While the wilderness of the valley is emphasized and appreciated by the owners of the cabins, many are concerned about who will take care of the depleted areas. The image of abandoned cabins echoes nostalgic memories of lake life and a golden age that has now passed. Without lakes, most of these cabins have no reason to exist. Users describe their fear of the "big hole", of the "void" that awaits them. They express a major fear, that of the fallow land to come, synonymous with death: "We won't be able to do anything while waiting, and so people will end up living elsewhere and for me it will die". These users find it difficult to see the valley as only wild: it also needs humans who maintain it to be frequent. Resolving to abandon the place is however difficult: "I will continue to come at least a while to see". Others have decided and prefer not to come to the water's edge anymore: "the hut is no longer of interest without the lake". They resign themselves to the disappearance of the sheds: “For us it's the end of our leisure time, eh. If there is no longer a lake ”. On the other hand, destruction seems unthinkable: “Sell? it's not worth anything, it's no longer worth anything. So we don't know. Demolish: Frankly, that bothers me. ". They are not sure what interest to recognize in this new landscape imposed on them: "all these properties, they were bought, I was the first to buy them only for fishing, that's obvious. So after, what do I do with a valley that will be in front? ". Above all, they seem stunned by the change taking place: “We never imagined it would happen like this. Because that was our whole life. It was leisure ".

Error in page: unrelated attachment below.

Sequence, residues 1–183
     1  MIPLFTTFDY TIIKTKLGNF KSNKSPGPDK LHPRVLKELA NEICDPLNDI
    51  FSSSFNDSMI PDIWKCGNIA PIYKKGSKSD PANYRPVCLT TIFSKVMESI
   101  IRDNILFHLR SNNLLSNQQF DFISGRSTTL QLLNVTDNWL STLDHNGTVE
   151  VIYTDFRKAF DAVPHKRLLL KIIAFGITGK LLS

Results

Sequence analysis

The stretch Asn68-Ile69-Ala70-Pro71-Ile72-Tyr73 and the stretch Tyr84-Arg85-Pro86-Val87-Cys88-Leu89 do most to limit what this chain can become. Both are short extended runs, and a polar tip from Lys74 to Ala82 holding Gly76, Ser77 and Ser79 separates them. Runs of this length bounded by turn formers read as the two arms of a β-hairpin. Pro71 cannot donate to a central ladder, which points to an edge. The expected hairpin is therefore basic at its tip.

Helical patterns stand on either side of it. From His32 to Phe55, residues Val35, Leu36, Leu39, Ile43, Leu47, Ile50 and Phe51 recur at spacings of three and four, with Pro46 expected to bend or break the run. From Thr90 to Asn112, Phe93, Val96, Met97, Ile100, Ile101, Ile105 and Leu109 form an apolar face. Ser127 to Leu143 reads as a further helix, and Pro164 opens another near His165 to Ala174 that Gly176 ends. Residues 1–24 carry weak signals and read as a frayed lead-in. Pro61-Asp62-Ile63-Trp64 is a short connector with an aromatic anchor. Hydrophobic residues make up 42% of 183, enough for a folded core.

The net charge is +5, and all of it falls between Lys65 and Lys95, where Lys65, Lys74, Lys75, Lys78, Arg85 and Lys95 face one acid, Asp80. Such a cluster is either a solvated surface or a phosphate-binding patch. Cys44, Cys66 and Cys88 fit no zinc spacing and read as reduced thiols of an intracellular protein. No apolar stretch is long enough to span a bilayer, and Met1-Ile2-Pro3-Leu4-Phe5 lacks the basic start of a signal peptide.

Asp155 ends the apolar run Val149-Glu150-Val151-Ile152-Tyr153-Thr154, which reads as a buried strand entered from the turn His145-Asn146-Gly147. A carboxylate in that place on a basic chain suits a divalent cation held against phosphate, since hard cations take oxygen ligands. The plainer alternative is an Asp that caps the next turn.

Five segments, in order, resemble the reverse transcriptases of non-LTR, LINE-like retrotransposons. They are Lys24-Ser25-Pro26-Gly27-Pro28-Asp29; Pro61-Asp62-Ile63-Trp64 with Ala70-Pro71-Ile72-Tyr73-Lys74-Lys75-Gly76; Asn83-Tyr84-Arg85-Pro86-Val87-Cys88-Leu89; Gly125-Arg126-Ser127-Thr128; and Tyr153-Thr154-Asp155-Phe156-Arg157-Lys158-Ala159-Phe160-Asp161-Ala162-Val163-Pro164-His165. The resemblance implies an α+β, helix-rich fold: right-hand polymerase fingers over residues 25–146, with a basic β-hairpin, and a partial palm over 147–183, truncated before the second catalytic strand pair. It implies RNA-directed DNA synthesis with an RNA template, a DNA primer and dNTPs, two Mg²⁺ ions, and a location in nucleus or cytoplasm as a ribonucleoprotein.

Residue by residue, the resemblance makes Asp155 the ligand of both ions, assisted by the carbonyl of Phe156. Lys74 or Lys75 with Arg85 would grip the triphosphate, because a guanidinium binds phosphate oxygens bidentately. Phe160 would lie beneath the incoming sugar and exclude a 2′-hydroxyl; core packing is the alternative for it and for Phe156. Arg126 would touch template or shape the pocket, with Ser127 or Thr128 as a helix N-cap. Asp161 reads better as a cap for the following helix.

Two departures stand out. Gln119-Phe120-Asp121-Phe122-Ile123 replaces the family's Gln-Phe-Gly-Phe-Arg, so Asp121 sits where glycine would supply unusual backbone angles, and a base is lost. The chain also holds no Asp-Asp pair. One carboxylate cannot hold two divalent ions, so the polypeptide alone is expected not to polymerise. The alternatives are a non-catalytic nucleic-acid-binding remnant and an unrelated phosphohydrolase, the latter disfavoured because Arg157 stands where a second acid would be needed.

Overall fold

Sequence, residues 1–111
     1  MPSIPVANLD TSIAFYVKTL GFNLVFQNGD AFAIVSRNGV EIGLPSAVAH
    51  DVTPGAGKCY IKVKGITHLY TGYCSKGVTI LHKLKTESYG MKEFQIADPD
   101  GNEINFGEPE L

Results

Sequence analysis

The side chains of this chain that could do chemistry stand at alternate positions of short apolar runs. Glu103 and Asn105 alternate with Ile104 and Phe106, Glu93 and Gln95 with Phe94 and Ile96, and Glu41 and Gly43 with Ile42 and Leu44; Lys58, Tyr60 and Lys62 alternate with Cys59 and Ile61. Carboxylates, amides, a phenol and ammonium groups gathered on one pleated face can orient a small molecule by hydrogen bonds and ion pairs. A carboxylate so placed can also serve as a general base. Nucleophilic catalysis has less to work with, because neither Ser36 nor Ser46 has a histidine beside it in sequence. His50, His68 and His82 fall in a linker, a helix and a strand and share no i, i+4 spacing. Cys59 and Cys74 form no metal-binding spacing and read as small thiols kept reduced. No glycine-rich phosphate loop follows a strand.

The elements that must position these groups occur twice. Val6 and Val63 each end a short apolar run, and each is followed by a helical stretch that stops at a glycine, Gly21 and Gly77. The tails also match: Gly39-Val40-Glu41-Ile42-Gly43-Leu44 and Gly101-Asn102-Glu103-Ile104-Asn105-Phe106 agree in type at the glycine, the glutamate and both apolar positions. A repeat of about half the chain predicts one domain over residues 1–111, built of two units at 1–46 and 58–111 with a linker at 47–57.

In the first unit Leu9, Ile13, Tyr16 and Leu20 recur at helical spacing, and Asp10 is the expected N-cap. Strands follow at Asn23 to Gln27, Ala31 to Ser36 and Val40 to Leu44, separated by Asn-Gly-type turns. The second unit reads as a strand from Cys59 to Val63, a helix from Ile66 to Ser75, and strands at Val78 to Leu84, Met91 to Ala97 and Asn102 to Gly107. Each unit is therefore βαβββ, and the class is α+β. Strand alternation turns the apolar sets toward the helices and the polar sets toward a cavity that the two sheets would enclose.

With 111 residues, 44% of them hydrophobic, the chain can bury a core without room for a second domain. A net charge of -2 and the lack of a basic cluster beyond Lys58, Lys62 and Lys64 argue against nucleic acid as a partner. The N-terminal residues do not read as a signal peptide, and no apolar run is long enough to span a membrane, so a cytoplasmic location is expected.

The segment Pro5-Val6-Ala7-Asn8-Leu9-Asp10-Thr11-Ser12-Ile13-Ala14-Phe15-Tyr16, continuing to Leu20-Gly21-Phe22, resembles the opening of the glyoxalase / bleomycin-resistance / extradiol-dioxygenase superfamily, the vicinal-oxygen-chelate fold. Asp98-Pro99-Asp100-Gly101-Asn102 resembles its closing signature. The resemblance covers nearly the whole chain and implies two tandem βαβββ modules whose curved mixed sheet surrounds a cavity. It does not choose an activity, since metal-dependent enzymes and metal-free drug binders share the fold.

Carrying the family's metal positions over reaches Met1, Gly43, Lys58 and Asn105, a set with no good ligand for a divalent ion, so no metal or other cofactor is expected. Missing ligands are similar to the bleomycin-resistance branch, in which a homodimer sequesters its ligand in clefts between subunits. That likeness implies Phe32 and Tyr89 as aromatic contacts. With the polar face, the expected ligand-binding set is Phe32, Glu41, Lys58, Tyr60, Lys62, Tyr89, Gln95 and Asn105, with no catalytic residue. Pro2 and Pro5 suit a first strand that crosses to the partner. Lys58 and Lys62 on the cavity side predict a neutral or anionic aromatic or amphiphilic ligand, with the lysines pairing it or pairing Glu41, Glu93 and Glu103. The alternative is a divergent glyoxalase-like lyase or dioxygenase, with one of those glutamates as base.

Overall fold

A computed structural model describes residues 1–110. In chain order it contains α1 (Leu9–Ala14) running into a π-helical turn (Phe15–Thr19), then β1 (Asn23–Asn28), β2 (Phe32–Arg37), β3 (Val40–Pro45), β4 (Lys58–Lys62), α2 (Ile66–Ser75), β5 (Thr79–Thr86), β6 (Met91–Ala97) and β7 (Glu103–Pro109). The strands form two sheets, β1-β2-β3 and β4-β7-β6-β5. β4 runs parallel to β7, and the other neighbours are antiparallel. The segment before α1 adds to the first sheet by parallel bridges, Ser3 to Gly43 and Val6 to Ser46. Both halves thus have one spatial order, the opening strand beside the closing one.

The significant investment provided by users in the maintenance of the cabins contrasts with their low participation in the definition of a new project for this portion of the valley following the disappearance of dams and lakes. If the announcement of the leveling of the Sélune dams revealed for others a form of monopolization of the banks of the lakes by the owners of cabins, who sometimes prevented passage and other activities, the inhabitants and users do not have not yet been called upon to define a new territory project which would guarantee sharing of the river and a place for each user (fishermen, kayakers, walkers, etc.). The appropriation by the inhabitants of the new valley will determine the success of the project being defined by elected officials. It will then be a question of assessing whether the residents will recognize themselves in the new landscapes created by the ecological project. Who will be the beneficiaries of this new project: the current inhabitants and users or even more distant external populations? In the end, it is the guarantee of the redefinition of a social link between the place and the residents and users that is therefore asked. What role will the sheds and their users play in this process? Are the cabins doomed to disappear once the lakes themselves have disappeared or will other forms of uses and links to the place appear?